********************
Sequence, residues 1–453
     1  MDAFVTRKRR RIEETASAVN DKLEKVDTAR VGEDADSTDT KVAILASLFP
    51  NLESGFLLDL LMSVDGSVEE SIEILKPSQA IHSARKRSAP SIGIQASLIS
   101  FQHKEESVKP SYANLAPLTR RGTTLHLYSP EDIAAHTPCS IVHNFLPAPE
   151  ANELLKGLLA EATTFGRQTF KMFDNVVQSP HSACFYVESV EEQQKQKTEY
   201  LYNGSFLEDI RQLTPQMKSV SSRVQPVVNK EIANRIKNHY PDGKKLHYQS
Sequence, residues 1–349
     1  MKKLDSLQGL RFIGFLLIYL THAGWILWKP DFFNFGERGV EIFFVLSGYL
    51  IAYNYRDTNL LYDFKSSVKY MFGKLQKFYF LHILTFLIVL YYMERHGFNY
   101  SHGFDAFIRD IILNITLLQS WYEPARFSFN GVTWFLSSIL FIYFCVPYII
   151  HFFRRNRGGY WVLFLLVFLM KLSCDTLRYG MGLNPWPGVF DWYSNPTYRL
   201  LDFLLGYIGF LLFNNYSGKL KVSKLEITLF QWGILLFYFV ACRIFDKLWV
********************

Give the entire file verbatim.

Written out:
Sequence, residues 1–453
     1  MDAFVTRKRR RIEETASAVN DKLEKVDTAR VGEDADSTDT KVAILASLFP
    51  NLESGFLLDL LMSVDGSVEE SIEILKPSQA IHSARKRSAP SIGIQASLIS
   101  FQHKEESVKP SYANLAPLTR RGTTLHLYSP EDIAAHTPCS IVHNFLPAPE
   151  ANELLKGLLA EATTFGRQTF KMFDNVVQSP HSACFYVESV EEQQKQKTEY
   201  LYNGSFLEDI RQLTPQMKSV SSRVQPVVNK EIANRIKNHY PDGKKLHYQS
Sequence, residues 1–349
     1  MKKLDSLQGL RFIGFLLIYL THAGWILWKP DFFNFGERGV EIFFVLSGYL
    51  IAYNYRDTNL LYDFKSSVKY MFGKLQKFYF LHILTFLIVL YYMERHGFNY
   101  SHGFDAFIRD IILNITLLQS WYEPARFSFN GVTWFLSSIL FIYFCVPYII
   151  HFFRRNRGGY WVLFLLVFLM KLSCDTLRYG MGLNPWPGVF DWYSNPTYRL
   201  LDFLLGYIGF LLFNNYSGKL KVSKLEITLF QWGILLFYFV ACRIFDKLWV